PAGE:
Over the course of my career I've worked full time and freelanced for a number of publications, writing mostly on music and arts, but also politics, local news, crime, food, and almost anything else you find in a newspaper or magazine. Here is a selection of some of my favorite pieces.
Son Of A Printer Man
Printer’s Son opens with a rising tide. Strings and woodwinds slowly build on each other, culminating first in a loose soundscape, then a subtle melody. This opener – “In Chicago” – is a chameleon. It’s winsome and hopeful, or lonely and sparse. It’s the soundtrack to a pivotal scene, rise or fall. It takes your emotions and expectations and delivers them back to you.
It’s fitting, because Printer’s Son isn’t an album made out of just joy, or just sadness, or just anything. It’s an album that was made out of a years-long journey of rising and falling.
Shane Leonard – the brain and brawn behind Kalispell – started work on Printer’s Son as a record about family, but then his family began changing. He lost his father to cancer, then his grandfather. He moved home to live with his mother and saw the end of a relationship. He put his record on the back burner and went on the road with local standouts Field Report. Then he found love, got married, and just had his first child. All the while, Leonard was slowly building a record, working with his band, inching along what became Printer’s Son.
Thee Oh Sees delivered a sweaty rock show for the ages last night at Riot Room
There was a point, about six songs into Thee Oh Sees’ set last night, where a fan took a step up to the stage and fell backwards into the waiting crowd to begin the most timid stage dive I’ve seen. It was probably the only thing you could call timid during a wild night at Riot Room Saturday.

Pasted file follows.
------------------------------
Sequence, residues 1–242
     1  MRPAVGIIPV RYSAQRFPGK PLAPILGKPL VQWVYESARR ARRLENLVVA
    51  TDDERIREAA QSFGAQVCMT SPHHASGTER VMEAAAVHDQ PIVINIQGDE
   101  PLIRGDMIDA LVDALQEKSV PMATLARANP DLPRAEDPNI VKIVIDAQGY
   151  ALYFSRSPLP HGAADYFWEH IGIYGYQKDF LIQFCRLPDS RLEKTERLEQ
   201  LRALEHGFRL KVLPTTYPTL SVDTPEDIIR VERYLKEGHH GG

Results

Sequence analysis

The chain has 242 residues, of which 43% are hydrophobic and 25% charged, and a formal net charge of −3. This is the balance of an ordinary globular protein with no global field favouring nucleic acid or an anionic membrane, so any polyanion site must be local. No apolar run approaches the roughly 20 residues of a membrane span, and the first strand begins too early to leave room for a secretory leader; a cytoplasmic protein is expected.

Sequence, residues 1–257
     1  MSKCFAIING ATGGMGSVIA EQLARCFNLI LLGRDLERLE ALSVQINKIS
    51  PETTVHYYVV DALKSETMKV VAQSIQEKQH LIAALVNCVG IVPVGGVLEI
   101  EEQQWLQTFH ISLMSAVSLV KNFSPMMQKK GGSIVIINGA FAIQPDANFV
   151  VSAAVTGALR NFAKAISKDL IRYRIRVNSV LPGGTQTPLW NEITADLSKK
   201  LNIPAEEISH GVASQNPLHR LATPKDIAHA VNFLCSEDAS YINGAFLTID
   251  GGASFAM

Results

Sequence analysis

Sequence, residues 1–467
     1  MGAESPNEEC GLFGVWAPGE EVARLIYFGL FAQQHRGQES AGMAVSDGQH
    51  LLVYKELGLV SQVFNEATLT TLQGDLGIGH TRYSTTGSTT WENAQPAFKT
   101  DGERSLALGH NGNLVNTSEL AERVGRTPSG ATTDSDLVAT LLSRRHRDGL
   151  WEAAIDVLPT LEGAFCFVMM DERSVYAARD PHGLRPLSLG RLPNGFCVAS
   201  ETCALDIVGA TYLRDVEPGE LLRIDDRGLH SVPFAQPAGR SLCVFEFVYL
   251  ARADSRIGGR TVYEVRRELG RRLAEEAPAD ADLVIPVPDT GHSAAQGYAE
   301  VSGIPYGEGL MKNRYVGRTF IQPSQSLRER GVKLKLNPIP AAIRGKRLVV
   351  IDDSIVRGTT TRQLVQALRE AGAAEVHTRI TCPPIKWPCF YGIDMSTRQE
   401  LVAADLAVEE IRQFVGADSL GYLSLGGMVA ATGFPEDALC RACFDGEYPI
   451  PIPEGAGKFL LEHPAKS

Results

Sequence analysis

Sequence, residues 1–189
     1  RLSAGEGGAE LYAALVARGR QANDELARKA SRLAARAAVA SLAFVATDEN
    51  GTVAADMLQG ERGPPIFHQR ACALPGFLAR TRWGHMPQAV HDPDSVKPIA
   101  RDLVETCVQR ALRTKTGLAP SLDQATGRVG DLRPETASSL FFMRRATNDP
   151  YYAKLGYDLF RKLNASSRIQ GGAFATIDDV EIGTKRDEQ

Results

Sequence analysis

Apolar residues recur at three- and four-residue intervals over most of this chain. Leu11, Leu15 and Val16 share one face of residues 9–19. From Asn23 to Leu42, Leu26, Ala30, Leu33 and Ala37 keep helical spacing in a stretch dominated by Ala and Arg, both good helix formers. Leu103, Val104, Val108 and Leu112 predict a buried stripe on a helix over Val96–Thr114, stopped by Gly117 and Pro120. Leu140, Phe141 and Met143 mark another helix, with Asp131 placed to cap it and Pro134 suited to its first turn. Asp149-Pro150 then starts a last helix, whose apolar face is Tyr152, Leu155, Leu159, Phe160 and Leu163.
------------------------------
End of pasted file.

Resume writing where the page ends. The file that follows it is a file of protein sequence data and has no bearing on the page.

The packed house got everything they were expecting from Thee Oh Sees – a high energy, stage-dive-able performance. The almost decade-old San Francisco punk rockers put on a start-to-finish blow out, hitting more than 15 songs throughout their catalog and keeping the crowd hanging on every note.
Life In the Slow Lane
I recently started running again. Not from anything in particular, though maybe I’m fleeing from a bit of my winter weight and lackadaisical ways. I used to think of myself as an avid runner. I was on the cross country team in high school (though to be completely honest, that might’ve had more to do with a potential romance than the elation of your feet hitting the sidewalk with a rhythmic pace) and dating even earlier than that I’d run 5Ks and 10-milers with my dad.
But that was an old me. When I moved to Eau Claire in 2008 I quickly forgot about running, first replacing it with biking around town and the occasional game of hoops on campus. Then fitness just became something that simply didn’t exist in my life. The only endurance exercise I was putting in was making it from happy hour to bar close on a Friday.
When we talk about singer-songwriters there’s an image that comes to mind. It’s the guy from Gilmore Girls strumming a guitar with a harmonica around his neck, or a girl in a coffee shop at a keyboard singing slow ballads.
These archetypes grow – if at all – by adding some musicians behind them, maybe amplifying their sound. The rhythmic strums become drumbeats and the whistling melody becomes a synth line. Slowly it builds into a band you wouldn’t recognize from that coffee shop open mic.
Waldemar never started that way.
“I tend to think in terms of grandiose,” frontman and singer-songwriter Gabe Larson said, laughing. “All of a sudden the song explodes in my mind. All the different elements gravitate towards anything but simple.”